"Happy birthday dearest," Moroulla whispered as she deposited a Toblerone chocolate bar onto Edwards lap while she playfully nibbled at his ear. He was seated at a small table in their second storey flat on Mountjoy Square. It was his twenty third birthday.
Moroulla, a Greek Cypriot, was Edwards lover. They had been living together for some months, having met at a party after a Sean ORiada concert in the Gaiety Theatre.
Since that concert the days had been one long drawn-out sequence of bliss until an ominous knock on the door from members of the Aliens Branch, based at Dublin Castle, a week earlier. Vague threats about deportation were made and she was accused of associating with some of the most disreputable elements that were at large and 'tipping about the country,' in the words of one senior detective. It was nearing the end of March 1969.
Edwards snapped off a triangle of chocolate from the bar and gently munched on it. He then broke off a second piece and placed it in Moroulla's mouth. He chuckled as he observed her involuntary facial contortions while she manoeuvred the chocolate triangle before it dissolved into a melting, manageable blob behind her lascivious lips.
Edwards got up from the table and peered through the net curtain. Despite the curtained haze the top windows on the opposite side of the square appeared to be on fire as they were caught by the final rays of the setting sun. The man in the car opposite the flat that he saw earlier, and who he presumed to be a Branchman, was gone.
"We're getting out of here tonight," he told Moroulla. Edwards was not sad to terminate his tenancy for twice recently he had harsh words with the uncompromising landlady about pubic hairs in the communal shower.
That night they booked into a nearby guesthouse on Gardiner Street as Mister and Missus Lambert Simnel.
It was not a comfortable time for Edwards. Just after midnight he awoke, sweatsoaked, tossing and turning, eating a pillow and trying to strangle Moroulla with a bedsheet. Lucky for the pair of them he was never much of a one for multi-tasking.
Somehow he calmed himself down and returned to sleep. Then a couple of hours later he woke again and went to sit at the draughty, dingy, dirty window. Looking out into the bright pulsating inner organs of the inner city. Dublin city at rest. As if!
And the moon was high as a hippy's mad eye. In the pyschedelic light of it Edwards saw a full bodied woman racing across the broad star-bright wind-swept plain of Mountjoy Square.
No wait, not Mountjoy Square. Not at all. This was the plain of Royal Cruachan. Cruachan as the bards described it. As Senchán Torpeíst himself, the King of them all, had sung it. The high halls, broad gates, stout walls of the Palace at Royal Cruachan. And him, Joe Edwards, standing there as bold as brass, a Red Branch Knight. The very flower of antique Irish chivalry. Watching a woman out of Faery running out of breath.
His blood surged as he realised that beneath her incarnadine cloak and flowing dark tresses the heavy-limbed woman was mothernaked. She carried a long sword and some distance behind her followed an unruly crowd.
"Save me Joe", she called out as Edwards ran forward. "Save me, it's me, Queen Medb of Connacht, mother of Maine Matheremail, Maine Athramail, Maine Morgor, Maine Mingor, Maine Mo, Maine Gaib Uile and Maine Andoe, not to mention other Maines, really many Maines, way too numerous to mention."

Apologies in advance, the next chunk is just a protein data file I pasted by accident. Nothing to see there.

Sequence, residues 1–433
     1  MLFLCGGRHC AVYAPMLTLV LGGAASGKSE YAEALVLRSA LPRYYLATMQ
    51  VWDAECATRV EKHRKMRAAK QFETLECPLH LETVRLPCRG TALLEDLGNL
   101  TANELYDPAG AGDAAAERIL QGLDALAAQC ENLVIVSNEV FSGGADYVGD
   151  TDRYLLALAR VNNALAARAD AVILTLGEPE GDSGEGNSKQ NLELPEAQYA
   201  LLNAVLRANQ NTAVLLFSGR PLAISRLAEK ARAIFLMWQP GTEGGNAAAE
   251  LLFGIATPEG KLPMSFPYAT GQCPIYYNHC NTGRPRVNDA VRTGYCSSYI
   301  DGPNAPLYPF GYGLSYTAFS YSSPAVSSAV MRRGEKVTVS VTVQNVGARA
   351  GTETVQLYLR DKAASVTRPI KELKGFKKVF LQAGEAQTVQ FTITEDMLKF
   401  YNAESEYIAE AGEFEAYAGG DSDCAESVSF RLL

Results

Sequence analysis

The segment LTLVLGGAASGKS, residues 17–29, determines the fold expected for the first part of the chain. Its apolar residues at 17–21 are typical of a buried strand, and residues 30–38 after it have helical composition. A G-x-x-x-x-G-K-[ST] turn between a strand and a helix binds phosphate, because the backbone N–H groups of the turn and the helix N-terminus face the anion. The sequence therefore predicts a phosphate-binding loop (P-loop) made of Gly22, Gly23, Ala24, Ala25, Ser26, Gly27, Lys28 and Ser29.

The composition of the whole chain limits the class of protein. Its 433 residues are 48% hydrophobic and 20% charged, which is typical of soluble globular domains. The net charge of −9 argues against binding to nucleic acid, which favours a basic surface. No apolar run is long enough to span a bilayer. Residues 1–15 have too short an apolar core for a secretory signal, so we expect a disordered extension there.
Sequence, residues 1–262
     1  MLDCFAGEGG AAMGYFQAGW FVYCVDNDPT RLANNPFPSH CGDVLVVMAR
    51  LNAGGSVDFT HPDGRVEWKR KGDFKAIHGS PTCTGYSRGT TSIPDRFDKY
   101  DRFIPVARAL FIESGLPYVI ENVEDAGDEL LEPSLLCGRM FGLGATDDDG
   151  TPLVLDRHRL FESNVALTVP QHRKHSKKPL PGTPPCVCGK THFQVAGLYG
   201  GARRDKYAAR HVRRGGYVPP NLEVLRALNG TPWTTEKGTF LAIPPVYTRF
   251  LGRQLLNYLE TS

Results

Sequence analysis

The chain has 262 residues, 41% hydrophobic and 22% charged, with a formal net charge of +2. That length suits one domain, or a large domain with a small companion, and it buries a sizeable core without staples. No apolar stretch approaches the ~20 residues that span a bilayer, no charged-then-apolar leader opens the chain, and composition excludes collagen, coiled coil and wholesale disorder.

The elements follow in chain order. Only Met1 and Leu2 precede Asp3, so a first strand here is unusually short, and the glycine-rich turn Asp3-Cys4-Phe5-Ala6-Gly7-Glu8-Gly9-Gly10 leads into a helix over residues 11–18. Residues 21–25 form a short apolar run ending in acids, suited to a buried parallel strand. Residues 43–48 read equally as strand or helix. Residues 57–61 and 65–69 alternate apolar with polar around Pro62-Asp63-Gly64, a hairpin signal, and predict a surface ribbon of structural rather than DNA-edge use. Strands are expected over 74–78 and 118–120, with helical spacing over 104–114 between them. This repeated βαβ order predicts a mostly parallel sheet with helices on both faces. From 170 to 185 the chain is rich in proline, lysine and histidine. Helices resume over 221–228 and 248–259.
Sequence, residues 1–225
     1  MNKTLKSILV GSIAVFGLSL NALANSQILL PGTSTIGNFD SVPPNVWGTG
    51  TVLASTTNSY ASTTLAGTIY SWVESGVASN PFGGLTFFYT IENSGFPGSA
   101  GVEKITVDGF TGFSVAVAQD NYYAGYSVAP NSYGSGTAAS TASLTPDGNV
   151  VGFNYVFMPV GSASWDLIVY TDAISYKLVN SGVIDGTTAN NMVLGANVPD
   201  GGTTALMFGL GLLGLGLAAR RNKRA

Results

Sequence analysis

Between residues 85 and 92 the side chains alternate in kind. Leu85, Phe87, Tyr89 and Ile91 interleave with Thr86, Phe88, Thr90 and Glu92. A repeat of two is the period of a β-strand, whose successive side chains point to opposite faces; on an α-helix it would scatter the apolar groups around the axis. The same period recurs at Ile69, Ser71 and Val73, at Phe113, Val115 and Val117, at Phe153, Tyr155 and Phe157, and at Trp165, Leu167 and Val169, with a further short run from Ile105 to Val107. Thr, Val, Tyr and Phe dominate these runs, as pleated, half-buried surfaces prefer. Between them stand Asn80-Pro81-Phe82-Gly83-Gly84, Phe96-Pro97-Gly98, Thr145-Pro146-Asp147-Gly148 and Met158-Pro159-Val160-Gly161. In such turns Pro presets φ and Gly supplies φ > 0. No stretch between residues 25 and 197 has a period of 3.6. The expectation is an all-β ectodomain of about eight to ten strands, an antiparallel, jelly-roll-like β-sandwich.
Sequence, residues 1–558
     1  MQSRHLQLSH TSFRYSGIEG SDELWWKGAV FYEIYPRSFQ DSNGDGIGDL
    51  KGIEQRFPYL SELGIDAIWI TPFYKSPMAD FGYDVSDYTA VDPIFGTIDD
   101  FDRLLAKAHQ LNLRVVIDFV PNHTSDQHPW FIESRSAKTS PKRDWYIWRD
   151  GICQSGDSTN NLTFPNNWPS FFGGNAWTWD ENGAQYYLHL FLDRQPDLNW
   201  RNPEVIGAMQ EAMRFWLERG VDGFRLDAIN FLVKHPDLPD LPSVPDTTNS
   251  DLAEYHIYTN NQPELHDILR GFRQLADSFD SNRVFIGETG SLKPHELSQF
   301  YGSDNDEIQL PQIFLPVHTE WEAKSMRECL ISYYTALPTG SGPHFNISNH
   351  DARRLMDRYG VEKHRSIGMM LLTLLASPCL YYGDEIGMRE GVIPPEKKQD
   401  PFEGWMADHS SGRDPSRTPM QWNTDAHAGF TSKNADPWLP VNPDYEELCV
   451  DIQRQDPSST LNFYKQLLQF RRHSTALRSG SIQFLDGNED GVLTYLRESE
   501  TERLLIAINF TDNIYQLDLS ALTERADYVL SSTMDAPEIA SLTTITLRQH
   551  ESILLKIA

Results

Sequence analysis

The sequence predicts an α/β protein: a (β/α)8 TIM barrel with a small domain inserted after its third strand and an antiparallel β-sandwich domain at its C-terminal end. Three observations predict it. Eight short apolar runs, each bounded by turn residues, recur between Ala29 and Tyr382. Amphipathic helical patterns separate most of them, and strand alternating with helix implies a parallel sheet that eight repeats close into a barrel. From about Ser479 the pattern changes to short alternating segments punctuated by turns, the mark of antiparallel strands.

"Did she never hear of the pill?" Edwards wondered as the Connacht Queen leapt into his arms.
"Even though I am the consort of Ailill Mac Mata, Tiride Mac Connra Cas and Eochaidh Dala, you can have the friendship of my thighs if you keep those bastards away from my royal pelt."
"Thanks, but theres no durex allowed here, only dodgy blue balloons in Hector Greys," muttered Edwards as he grabbed the sword and sallied forth shouting, "c'mon yez bunch of fucking muck savages, yez."
He swung the sword in a wide arc and with one blow he severed the surprised heads of the seven sons of Shem. The air quickly filled with ravens and large black crows which tore at the decapitated heads and at one another with beak and talon.
The crowd halted and a loud murmuring replaced the angry shouts. Edwards took out a Thompson sub-machine gun which he had borrowed from a friend in the IRA.
"Sit down behind me," he ordered Medb, "and pull that cloak tight around you, I think it's yer bare arse that has them'ns sucking diesel."
Edwards fired a burst from the Thompson in the direction of the crowd, shouting, "This is the rhythm. And here come the blues!"
Just at that moment the wind stilled, Medb and the mob misted away and the night flared off with a crack of dawn. Then silence except for a knocking sound, and a womans voice called out, "Two gentlemen to see you Mister Simnel."
"Fuck it, the Branch," cursed Edwards as he jumped out of bed. He opened the door and stepped onto the landing: he was naked. He closed the door behind him.
"Ah! Joe, very inventive name, indeed."
"No offence in that."
"No, no. I suppose some people just become ashamed of their own name for various reasons."
The two officials from the Aliens Section laughed, and the remark even elicited a snigger from Edwards.
"Actually it's not you that we wanted to see, it's Missus Simnel." Again the two chuckled.
"You mean my wife?"
The two officials glanced at each other.
"Congratulations," said one tentatively. He was slightly taken aback with the magnitude of the breaking information. "You do have a marriage certificate I suppose?" he added.
"I do," Edwards lied.
"Good. Can we see it?" asked the other one as he peered sagaciously over his rimless spectacles.
"You can go over to Lombard Street and get your own copy if you want."
"We will," promised the officials, staring at the nude figure. "Oh, enjoy your honeymoon."
That night Edwards sought sanctuary for Moroulla in the South side home of a former IRA man who was married to a Greek Cypriot. Then he headed to the Peacock for advice.
"This is definitely below the belt," grumbled Marsh.
"it's a welly into the jock strap, if you ask me," Davis scoffed.